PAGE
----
European banks, stung by Argentina's economic collapse, are cutting back loans to other Latin American nations, indicating the lenders' skittishness over Argentina may be spreading in the region, the World Bank said.
A curb in lending by banks such as Santander Central Hispano SA, Spain's largest, raises the risk that countries such as Brazil and Chile may experience "a violent shift" similar to 1997, when Japanese banks helped spread Thailand's troubles to Malaysia and South Korea by cutting off loans, a World Bank report said.
"The Argentine crisis is going to permanently change banks' outlook toward emerging-market economies," said Christian Stracke, the head of emerging-markets fixed-income research at Creditsights Inc, a credit research firm in New York.
The bank's analysis is the first to officially find signs of contagion from Argentina since the nation's December default on US$141 billion in debt.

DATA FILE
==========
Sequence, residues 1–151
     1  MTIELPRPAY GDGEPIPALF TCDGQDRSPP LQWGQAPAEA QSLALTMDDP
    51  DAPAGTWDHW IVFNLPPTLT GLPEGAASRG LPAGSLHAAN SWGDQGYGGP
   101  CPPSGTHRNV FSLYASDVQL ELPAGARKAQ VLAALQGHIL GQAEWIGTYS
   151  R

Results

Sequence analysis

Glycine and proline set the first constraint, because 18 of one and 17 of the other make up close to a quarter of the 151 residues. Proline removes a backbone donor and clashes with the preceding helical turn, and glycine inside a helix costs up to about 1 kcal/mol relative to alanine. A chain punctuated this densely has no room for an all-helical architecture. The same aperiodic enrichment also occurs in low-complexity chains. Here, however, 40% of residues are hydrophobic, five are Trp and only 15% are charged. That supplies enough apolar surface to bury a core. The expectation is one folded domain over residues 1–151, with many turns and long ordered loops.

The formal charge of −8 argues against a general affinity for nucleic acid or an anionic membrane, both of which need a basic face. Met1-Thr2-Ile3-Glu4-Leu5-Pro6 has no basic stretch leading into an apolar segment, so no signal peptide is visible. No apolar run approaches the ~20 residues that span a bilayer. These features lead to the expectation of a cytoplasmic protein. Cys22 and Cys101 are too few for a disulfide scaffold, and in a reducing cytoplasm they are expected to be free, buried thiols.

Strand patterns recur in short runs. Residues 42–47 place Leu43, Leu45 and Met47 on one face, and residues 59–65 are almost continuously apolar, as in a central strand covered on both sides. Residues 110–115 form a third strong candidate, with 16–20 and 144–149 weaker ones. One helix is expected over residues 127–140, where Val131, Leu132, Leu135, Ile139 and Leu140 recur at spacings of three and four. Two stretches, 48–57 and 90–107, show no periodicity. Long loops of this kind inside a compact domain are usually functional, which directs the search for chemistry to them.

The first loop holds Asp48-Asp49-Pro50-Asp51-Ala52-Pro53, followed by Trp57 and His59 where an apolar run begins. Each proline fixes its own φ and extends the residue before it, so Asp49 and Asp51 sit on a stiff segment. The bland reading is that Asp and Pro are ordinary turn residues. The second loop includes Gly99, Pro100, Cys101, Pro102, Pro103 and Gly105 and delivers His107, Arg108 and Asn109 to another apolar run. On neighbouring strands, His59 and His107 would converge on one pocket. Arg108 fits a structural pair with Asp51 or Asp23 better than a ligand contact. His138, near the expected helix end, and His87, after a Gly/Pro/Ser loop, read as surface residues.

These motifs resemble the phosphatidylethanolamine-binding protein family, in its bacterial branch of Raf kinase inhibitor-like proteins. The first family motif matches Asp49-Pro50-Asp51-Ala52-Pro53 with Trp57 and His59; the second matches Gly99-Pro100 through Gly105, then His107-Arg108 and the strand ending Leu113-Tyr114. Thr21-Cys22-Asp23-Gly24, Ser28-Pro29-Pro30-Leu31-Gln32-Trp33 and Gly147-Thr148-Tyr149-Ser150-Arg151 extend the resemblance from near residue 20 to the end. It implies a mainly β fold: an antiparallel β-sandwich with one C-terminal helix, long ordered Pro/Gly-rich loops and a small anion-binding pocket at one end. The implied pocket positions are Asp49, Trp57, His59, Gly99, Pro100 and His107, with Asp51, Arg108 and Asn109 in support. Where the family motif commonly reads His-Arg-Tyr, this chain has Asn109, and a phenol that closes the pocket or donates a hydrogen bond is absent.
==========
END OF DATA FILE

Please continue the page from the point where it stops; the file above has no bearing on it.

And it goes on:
The US Treasury and IMF have said only Uruguay has been hurt in the fallout.
The spread of Argentina's problems may make it more difficult for the US and IMF to continue to withhold aid as Argentina struggles to make policy changes the fund has demanded.
Excluding Argentina, global bank lending to emerging-market economies for the first three months of this year is less than half that of the 2001 average, the World Bank said. European banks such as Credit Agricole SA, France's second largest, account for half those loans.
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